LIVE: Mystery Jets – Liquid Rooms, Edinburgh

Safe to say that the Mystery Jets need no introduction at this point in their career. Ten years since the release of Making Dens, the band continues to develop their sound into something more sophisticated and atmospheric than before. Latest LP Curve of the Earth brilliantly combines introspective lyrics with dreamy sounds to give us an album that is reminiscent of the likes of Pink Floyd and The Flaming Lips.

It comes as no surprise then that the crowd is more than excited to hear them play tonight.

Edinburgh’s Liquid Rooms is teeming with enthusiastic Scots and uni students alike, and at 8pm the room is already packed.

Before the Jets come on, friends The Big Moon work us up into an angsty sweat via three way harmonies and ponytail swishes – their music sets the tone brilliantly for the real deal and by the time the main attraction walks on stage the room is buzzing.    

It’s clear as soon we hear the first few notes of ‘Telomere’ that we’re in good hands. A decade of performing has meant that the Mystery Jets are comfortable around their audience and familiar with fan favourites. They’re able to balance old tracks with new, and although they play a number of tunes from Twenty One and Radlands, they give us a lot of material from Curve of the Earth as well – so the gig doesn’t feel like a nostalgic jaunt down the roads of old.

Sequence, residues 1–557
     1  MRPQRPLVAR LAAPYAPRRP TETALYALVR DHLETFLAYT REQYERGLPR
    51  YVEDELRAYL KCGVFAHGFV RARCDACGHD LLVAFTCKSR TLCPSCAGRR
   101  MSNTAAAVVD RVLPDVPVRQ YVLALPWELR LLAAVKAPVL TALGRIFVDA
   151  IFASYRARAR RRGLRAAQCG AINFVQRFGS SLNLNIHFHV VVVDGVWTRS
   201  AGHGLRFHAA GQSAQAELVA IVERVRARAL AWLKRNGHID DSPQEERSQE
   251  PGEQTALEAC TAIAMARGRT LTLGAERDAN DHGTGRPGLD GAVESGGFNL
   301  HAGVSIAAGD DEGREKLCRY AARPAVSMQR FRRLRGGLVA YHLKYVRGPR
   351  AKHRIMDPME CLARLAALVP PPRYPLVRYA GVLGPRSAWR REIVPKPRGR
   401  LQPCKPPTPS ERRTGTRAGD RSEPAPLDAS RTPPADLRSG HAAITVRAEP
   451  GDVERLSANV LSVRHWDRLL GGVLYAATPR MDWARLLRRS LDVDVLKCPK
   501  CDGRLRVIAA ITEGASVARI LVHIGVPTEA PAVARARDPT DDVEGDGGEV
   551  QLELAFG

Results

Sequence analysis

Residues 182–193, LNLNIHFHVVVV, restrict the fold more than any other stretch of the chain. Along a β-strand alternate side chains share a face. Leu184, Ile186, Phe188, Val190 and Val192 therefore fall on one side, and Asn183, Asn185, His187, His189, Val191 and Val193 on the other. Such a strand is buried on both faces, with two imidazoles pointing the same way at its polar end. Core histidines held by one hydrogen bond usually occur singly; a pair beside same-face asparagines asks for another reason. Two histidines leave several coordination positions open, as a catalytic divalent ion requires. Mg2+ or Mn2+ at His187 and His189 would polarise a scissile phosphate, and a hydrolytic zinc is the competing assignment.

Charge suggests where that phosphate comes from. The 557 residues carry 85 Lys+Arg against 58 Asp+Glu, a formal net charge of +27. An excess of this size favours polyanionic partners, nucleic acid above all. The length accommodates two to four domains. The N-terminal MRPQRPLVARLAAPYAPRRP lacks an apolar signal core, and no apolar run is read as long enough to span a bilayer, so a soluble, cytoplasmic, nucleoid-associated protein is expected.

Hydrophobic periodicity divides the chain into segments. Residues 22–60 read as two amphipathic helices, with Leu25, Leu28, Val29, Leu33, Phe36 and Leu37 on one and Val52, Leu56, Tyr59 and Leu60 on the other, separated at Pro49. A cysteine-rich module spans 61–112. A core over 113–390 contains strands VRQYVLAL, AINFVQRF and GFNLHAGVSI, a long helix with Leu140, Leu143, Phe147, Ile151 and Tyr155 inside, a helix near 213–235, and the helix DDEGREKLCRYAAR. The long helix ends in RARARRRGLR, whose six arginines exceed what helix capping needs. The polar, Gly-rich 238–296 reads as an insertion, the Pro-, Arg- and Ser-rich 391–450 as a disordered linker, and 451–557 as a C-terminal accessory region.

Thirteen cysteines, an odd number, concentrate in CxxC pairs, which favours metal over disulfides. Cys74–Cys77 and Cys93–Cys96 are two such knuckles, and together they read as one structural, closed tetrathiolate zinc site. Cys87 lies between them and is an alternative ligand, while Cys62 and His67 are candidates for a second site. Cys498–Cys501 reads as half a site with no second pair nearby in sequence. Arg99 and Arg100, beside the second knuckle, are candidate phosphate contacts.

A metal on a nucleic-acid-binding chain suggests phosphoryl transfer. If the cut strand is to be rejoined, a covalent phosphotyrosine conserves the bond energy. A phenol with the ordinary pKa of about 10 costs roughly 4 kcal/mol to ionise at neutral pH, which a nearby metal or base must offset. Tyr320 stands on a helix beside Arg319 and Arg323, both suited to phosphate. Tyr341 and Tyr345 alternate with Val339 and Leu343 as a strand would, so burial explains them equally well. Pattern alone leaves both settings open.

It can be a difficult task to replicate the atmosphere of a record like Curve of the Earth in a live setting, but the band pulls it off perfectly. ‘Saturnine’ rings out to us in wistful tones, and when looking around, most of the room are took in the dreamy melodies with their eyes closed.

Henry Harrison, previous band member and father of frontman Blaine Harrison, also makes an appearance during ‘Flakes’ – the room welcomes him back with hearty woops as he and new member Jack Flanagan wave their arms back and forth to the “woah woah woah” of the final chorus.

The band finished us up with ‘Two Doors Down’ – the noughties classic goes down a treat and the room flails enthusiastically to the song’s familiar jingle jangle rhythm.

The venue may be smaller than some of the stages the Jets have played this summer, but it doesn’t feel like any less of a moment. The crowd are grateful to be there, and it shows in the energy that they hurl the band’s way as the night finishes in a round of mutual adoration.   

 

Jess Porter

 

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